June 4, 2008
Kellogg physician-scientist is named Ravitz Foundation Professor in Ophthalmology
Victor M. Elner, M.D., Ph.D.
ANN ARBOR, MI - Victor M. Elner, M.D., Ph.D., whose medical practice and research at the University of Michigan encompass the dual disciplines of ophthalmology and pathology, has been installed as the Ravitz Foundation Professor of Ophthalmology and Visual Sciences. The ceremony took place June 4, at the W. K. Kellogg Eye Center.
“The contribution of pathology to understanding eye disease is significant, but not always recognized,” says Paul R. Lichter, F. Bruce Fralick Professor and Chair of the U-M Department of Ophthalmology and Visual Sciences. “The Eye Center is grateful to the Ravitz Foundation for supporting this unique professorship and for naming Dr. Elner as its recipient. Dr. Elner is an exceptional ophthalmologist who continues to draw important connections between the pathologic processes underlying eye disease and new approaches to diagnosis and treatment. His appointment as Ravitz Professor will benefit both our Department and the entire field of ophthalmology.
Dr. Elner is a professor in the U-M Department of Ophthalmology and Visual Sciences, and Pathology. He received his medical degree, residency training, and fellowship training in Pathology from the University of Chicago. Dr. Elner then completed additional fellowships, one in Pathology at the Armed Forces Institute of Pathology, another in Pathology at Massachusetts Eye and Ear Infirmary, and later a fellowship in Ophthalmic Plastic and Reconstructive Surgery at the University of Wisconsin. He joined the U-M Kellogg Eye Center in 1988.
Dr. Elner is a physician-scientist who has shown that inflammation is often a cause of eye disease, or the cause of serious complications. He has investigated the basic mechanisms of ocular inflammation and has described the chain of events that results in the destruction of cells leading to vision loss. The death of these vital cells in the retina and other tissues is the fundamental cause of some of the most severe eye diseases, from diabetic retinopathy to age-related macular degeneration.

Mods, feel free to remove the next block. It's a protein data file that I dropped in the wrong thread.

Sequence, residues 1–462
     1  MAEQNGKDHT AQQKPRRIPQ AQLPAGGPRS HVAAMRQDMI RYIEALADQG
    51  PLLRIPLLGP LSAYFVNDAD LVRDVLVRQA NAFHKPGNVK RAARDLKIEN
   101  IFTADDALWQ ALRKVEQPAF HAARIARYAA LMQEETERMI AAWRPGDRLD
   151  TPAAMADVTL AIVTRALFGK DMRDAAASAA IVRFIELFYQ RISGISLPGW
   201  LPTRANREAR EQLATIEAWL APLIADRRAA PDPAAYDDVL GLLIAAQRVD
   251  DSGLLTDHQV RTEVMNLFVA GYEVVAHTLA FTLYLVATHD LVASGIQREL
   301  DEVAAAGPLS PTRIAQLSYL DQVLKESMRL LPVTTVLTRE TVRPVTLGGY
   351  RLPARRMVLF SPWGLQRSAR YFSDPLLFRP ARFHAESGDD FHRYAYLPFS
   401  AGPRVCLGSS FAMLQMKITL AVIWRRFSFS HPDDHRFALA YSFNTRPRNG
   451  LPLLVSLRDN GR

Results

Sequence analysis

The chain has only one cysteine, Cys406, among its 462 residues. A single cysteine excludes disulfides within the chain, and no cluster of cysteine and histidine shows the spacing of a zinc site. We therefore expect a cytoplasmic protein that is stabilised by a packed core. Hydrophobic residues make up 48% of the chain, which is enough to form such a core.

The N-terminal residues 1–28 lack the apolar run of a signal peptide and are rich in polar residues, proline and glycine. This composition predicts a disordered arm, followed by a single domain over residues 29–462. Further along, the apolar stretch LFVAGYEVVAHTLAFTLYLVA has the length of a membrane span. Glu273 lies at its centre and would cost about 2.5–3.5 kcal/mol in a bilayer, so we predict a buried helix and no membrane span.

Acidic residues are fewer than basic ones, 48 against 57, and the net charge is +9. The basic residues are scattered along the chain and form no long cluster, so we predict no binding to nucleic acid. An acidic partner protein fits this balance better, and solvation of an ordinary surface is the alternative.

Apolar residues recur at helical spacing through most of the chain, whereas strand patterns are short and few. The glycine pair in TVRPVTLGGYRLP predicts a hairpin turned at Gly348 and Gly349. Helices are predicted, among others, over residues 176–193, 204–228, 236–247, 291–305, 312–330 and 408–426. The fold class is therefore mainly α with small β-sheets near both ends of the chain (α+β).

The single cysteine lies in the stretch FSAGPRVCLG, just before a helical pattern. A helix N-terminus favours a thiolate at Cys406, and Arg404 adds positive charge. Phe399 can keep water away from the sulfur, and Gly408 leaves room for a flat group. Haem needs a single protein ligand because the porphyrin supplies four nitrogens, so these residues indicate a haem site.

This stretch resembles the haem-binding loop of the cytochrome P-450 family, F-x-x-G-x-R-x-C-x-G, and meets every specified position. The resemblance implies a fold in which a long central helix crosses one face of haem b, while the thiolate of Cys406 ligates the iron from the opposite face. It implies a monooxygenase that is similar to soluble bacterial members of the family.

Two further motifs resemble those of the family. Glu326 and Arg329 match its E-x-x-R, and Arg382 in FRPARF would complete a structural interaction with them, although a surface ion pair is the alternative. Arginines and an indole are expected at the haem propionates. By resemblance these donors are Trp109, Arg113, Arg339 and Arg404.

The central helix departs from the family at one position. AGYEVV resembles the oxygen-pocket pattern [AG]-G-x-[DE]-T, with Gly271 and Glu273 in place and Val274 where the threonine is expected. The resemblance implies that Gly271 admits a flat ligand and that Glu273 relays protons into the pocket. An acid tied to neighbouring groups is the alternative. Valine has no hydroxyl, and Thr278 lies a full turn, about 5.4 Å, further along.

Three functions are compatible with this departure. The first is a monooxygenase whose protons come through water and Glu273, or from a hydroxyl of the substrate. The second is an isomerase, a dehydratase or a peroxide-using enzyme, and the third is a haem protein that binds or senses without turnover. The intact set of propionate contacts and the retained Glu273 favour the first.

Over the past several years, Dr. Elner has collaborated with Kellogg scientist Howard R. Petty, Ph.D. in developing an imaging instrument capable of detecting eye disease long before the first symptoms occur. The instrument, a state-of the art camera system, measures signs of metabolic stress emitted by diseased tissue. Drs. Elner and Petty have proven its effectiveness for early detection of one ocular disease, and they are concluding studies on its use in screening for diabetes and diabetic retinopathy.
Dr. Elner’s clinical specialties include the evaluation and treatment of eyelid and orbital tumors, thyroid (Graves) eye disease, disorders affecting the eyelid and tear ducts, and comprehensive ophthalmic pathology. He has published more than 150 articles, including many on pathologic entities and advances in eye plastic surgery.
The Ravitz Foundation was founded by Edward Ravitz, a native of Detroit, who saw the need to support medical research and initiatives that would bring people together to further a sense of community and shared humanity.
Mr. Ravitz was employed by Edward Rose and Sons, a large building company. In 1963 he established the firm’s Kalamazoo office, which, through his leadership grew to more than 600 employees. He oversaw the building of more than 15,000 single-family homes and apartment units in Michigan and another 12,000 in other states. He served in the U.S. Army in World War II and was awarded a bronze star for valor in 1945. Mr. Ravitz died in 1999.
Gifts from The Ravitz Foundation have also established a professorship in the U-M Department of Pediatrics and Communicable Diseases; the Ravitz Foundation Phase 1 / Translational Research Center at the U-M Comprehensive Cancer Center; and a program to disseminate information about depression and treatment for the Comprehensive Depression Center. The Foundation has also supported the construction of the new C.S. Mott Children’s Hospital and funded research on neuroblastoma, a deadly form of childhood cancer.
Written by Betsy Nisbet